It's not often I see two films by the same director within a two-week span, and it's really not often that those would be the director's best and worst films.
But that's what's happened with Ben Wheatley. And for those of you who like current releases, I'm pleased to say that his best is the one that's in theaters right now.
That would be Free Fire, a giddy, goofy action comedy that also gets away with being downbeat and even melancholy in spots. It reminded me most in spirit of The Nice Guys, but really, anything directed by Wheatley has a spirit all its own. I saw it on Tuesday night.
Unfortunately, that would leave the worst as A Field in England, which I watched two Friday nights ago, and which I couldn't properly follow from its very first moments. Heavy accents had something to do with that. A muddled concept and extremely poor execution of that concept had a lot more to do with it.
Until a few moments ago I thought two other things about Ben Wheatley that I no longer think:
1) That A Field in England was his first film. It being a first film is the only way to excuse its miniscule-budget, single-location aesthetics. In fact, he made it in 2013, after his two best films I'd seen before now: Kill List and Sightseers.
2) That I had completed the Ben Wheatley filmography. His actual first film, Down Terrace, was a 2009 release that I have yet to have the pleasure, or possibly displeasure, of seeing.
That's right, as I was discussing with a friend last night, Wheatley is a really hit or miss filmmaker. It seems like you are always getting either his best or his worst, in terms of what he's capable of if not in absolute terms. He's just as likely to hit as to totally misfire, if we want to use the gun lingo inspired by Free Fire. You really have no idea whether a film of his will be a pleasure or a displeasure.
In my own personal Wheatley viewing sequence, it's been pleasures followed by displeasures. Kill List and Sightseers really interested me, the first for its unwillingness to be shackled to the genre it starts out with (and that's all I'll say for those of you who haven't seen it), the second for following its black comedy into casually murderous arenas.
But then I fell off the Wheatley wagon a bit. Actually, it's all come this year as Free Fire is actually the third Wheatley I've watched in 2017. The year started out, almost literally, with High-Rise, the fourth full feature I watched in 2017, an unsatisfying satire on class warfare played out in an apartment building set against a barren landscape. Then A Field in England, which I had a sense would be pretty WTF, was WTF in all the wrong ways. A black and white period piece with unintelligible dialogue in which the survivors of some poorly specified battle cross over the same patch of land about a hundred times while searching for treasure and eating mushrooms? I tried to make it sound bad just now, but it sounds a lot better than it actually is.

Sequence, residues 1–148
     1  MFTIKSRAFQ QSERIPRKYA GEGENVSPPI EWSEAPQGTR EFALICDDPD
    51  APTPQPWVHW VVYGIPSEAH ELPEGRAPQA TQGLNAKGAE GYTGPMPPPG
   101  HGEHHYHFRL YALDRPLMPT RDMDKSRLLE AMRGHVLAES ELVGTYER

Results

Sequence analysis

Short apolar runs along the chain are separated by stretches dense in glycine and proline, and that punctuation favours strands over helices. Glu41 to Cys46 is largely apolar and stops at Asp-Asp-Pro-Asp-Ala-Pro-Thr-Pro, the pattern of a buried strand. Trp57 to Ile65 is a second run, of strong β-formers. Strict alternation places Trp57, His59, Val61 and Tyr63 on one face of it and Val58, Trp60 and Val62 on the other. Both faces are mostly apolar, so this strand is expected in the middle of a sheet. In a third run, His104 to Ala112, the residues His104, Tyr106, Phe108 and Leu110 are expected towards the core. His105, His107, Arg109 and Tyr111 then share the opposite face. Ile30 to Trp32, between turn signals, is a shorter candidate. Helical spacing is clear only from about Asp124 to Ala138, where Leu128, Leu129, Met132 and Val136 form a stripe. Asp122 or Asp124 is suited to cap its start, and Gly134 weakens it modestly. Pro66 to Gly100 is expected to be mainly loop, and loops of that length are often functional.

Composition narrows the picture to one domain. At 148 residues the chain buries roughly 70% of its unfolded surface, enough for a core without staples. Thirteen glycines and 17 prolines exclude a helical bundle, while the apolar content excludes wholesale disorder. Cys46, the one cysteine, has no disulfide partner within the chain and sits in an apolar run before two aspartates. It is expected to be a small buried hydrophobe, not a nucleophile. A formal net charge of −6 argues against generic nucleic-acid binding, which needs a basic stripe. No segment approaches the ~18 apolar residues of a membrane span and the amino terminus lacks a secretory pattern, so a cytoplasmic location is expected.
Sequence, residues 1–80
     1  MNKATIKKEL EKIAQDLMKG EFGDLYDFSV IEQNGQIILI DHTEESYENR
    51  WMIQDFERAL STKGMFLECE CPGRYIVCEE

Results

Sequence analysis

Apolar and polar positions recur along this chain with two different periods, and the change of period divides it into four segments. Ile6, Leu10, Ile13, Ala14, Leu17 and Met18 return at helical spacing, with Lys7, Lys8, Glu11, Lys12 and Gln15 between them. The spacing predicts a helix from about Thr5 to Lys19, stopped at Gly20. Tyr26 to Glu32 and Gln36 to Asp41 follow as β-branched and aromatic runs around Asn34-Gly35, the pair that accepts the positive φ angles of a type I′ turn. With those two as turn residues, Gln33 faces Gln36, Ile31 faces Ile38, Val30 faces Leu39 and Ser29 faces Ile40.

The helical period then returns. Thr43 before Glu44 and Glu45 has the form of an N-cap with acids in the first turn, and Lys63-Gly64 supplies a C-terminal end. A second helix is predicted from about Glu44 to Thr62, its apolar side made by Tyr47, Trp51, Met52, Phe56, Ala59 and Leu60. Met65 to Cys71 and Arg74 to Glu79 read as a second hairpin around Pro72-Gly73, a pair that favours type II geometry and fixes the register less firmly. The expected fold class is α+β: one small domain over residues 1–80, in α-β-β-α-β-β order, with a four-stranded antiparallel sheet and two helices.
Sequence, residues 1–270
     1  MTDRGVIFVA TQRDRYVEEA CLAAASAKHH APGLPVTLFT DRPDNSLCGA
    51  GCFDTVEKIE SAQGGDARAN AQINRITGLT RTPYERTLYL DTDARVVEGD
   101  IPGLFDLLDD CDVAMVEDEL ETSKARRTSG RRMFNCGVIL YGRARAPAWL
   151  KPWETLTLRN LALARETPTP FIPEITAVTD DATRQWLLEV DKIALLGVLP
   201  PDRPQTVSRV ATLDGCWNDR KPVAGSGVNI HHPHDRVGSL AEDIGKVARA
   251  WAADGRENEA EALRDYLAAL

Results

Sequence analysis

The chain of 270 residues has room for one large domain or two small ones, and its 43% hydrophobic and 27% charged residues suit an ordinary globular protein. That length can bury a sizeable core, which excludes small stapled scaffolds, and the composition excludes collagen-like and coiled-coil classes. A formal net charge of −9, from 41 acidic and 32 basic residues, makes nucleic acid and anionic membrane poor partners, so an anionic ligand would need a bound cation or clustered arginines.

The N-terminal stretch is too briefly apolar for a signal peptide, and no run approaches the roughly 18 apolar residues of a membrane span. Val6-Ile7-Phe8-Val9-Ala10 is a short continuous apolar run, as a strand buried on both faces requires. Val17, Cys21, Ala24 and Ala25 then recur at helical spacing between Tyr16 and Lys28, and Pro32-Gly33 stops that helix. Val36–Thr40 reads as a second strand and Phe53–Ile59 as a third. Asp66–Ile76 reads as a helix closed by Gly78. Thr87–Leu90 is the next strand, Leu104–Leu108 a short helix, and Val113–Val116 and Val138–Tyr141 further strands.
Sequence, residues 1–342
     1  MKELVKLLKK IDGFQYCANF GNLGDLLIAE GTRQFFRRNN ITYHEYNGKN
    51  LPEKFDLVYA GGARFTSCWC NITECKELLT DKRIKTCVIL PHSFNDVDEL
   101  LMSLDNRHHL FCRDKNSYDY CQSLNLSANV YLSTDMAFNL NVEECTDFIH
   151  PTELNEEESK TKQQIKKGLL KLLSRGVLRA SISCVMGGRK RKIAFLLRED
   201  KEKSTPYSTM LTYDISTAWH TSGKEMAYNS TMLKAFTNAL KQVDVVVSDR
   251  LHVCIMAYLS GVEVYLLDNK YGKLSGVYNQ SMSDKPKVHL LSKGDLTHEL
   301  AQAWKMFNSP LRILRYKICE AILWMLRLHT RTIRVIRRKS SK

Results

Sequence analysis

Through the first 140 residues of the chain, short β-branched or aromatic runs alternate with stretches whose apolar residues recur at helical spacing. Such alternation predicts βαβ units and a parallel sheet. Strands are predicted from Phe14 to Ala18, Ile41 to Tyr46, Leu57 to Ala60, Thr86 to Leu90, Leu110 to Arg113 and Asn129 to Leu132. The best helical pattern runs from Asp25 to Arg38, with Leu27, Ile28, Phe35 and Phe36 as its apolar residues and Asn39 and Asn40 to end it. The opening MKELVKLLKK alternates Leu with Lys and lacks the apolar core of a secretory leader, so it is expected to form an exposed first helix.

But hey, Free Fire! It's a ton of fun. And it's certainly the director's biggest move toward the mainstream, starring the likes of Brie Larson, Sharlto Copley, Armie Hammer and Cillian Murphy. But where that kind of slouching toward commercialism can really queer an artist's vision, Wheatley has figured out a way to make his work accessible (possibly for the first time) without compromising his own particular perspective. I have a lot more I could say about it, except I already did, here.
Who knows if Wheatley will give us more of his best or more of his worst with the next film I see, but I can tell you that the next two films of his I see will continue to represent another type of dialectic within his filmography: his newest and his oldest. Since some of his old stuff is better than some of his newer stuff, but then his newest is the best, I have no idea whether I'll gravitate more toward Down Terrace or toward Freakshift or Untitled 'Ideal' Film (IMDB is unclear on which might come out first).
Either way, I do think Wheatley will continue to make interesting films. Whether they are interesting successes or interesting failures remains to be seen.